Pediatric Emergency Room

When the unexpected happens, we provide 24-hour pediatric emergency care when you need it most.

Home of the Miguel “Mike” B. Fernandez Family Pediatric Trauma Center, our Emergency Department offers expert patient care for all types of pediatric emergencies.

the entrance to the ER building at night time.
the entrance to the ER building at night time.

When emergencies arise, families can take comfort in knowing that Nicklaus Children's Hospital is here around-the-clock to take care of your child's immediate healthcare needs. With a caring team of nurses and doctors, combined with the most technologically advanced equipment, Nicklaus Children's Hospital Emergency Room provides the immediate quality care that your child needs.

In 2022, the Nicklaus Children's Emergency Department had 97,461 ER visits.

At Nicklaus Children's, we know that a child's needs are different from adults. To ensure that your child is seen by a pediatric specialist when it is most needed, the Emergency Department has a team of board-certified, fellowship trained, and board-eligible attending pediatric specialists and subspecialties on call, 24 hours a day. Should your child require advanced care, Nicklaus Children's Hospital has a full spectrum of pediatric subspeciality physicians to collaborate in your child's care.

The Nicklaus Children's Hospital Emergency Department is proud to be home to the Miguel "Mike" B. Fernandez Family Pediatric Trauma Center, is one of only two freestanding Level III pediatric trauma centers in Florida and the only freestanding pediatric trauma center in South Florida. An adjoining helipad enhances the facility’s ability to handle incoming traumas, as well as transfers from other hospitals.

To continue to be a leader in ensuring patient satisfaction, the entire Emergency Department staff devised and implemented strategies to reduce patient waiting time, enhance the atmosphere in the waiting room, and improve the delivery of patient care for our patients and families.

Treatments and Procedures

Conditions We Treat

Our Collaboration with Baptist Health

Baptist Health and Nicklaus Children's Health System are working together to ensure that the children in our community continue to receive the highest quality emergency care. The pediatric emergency physicians at Baptist Health Baptist Hospital ER and Baptist Health Homestead Hospital ER are now part of Nicklaus Children's Pediatric Specialists, the medical group practice of Nicklaus Children's Health System. Our physicians will continue to provide the same high-quality, compassionate care you have come to expect.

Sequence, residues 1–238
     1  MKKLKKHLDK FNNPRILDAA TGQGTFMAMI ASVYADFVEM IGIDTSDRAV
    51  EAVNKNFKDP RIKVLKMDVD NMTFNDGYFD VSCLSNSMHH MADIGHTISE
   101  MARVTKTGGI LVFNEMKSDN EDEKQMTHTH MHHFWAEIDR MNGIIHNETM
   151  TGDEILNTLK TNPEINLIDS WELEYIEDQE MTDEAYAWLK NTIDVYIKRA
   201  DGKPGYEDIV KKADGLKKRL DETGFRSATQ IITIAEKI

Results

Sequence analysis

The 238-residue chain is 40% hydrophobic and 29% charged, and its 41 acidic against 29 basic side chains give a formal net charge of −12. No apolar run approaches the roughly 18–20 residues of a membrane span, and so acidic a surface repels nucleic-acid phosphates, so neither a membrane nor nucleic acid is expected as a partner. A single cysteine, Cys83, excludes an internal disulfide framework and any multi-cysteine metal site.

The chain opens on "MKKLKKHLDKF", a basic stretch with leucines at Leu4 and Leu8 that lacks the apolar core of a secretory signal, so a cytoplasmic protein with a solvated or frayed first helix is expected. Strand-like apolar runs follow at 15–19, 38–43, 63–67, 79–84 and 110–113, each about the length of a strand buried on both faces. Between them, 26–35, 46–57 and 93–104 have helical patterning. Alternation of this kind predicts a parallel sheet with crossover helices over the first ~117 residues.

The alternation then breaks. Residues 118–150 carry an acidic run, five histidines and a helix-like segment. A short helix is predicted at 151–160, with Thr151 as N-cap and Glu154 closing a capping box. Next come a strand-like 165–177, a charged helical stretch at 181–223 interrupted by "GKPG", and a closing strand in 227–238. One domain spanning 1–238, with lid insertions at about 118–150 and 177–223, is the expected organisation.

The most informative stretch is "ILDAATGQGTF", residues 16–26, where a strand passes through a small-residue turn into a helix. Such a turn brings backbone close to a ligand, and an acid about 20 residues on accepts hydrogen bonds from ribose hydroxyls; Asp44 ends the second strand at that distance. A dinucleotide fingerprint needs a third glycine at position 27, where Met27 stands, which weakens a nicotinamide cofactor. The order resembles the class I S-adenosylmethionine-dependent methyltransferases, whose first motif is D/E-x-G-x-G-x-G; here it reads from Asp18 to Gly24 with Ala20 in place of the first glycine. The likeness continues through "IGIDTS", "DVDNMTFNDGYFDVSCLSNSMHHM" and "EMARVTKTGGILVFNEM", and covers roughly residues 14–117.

Through this collaboration, they will also have access to the extensive array of pediatric subspecialists on Nicklaus' medical staff to support your child's specialized care needs. Pediatric patients treated in a Baptist Health Baptist Hospital Emergency Department and Baptist Health Homestead Hospital Emergency Department and requiring hospital admission will be transferred to Nicklaus Children’s Hospital to receive ongoing care.

Learn More

COVID-19 Testing

Nicklaus Children’s Hospital’s Emergency Department and Urgent Care Centers provide testing for children who are displaying symptoms of COVID-19 such as:

  • Fever or chills
  • Cough
  • Shortness of breath or difficulty breathing
  • Fatigue
  • Muscle or body aches
  • Headache
  • New loss of taste or smell
  • Sore throat
  • Congestion or runny nose
  • Nausea or vomiting
  • Diarrhea

Our staff will contact the parents or guardians of any child with a positive result within 7-10 days of testing.

Parents can access the child's medical records and lab results online by visiting MyKids Patient Portal. For information about MyKids and instructions on how to register, please visit


ambulances with advanced life-saving support equipment


Emergency Room visits in 2022


Emergency Medicine physicians on staff
featured patient photo.
featured patient photo.

Stories to Inspire

Luna was born full-term in June 2011, and her family had no idea what was in store. After just a few short hours, doctors realized she was not receiving enough oxygen in her blood and knew it was serious.
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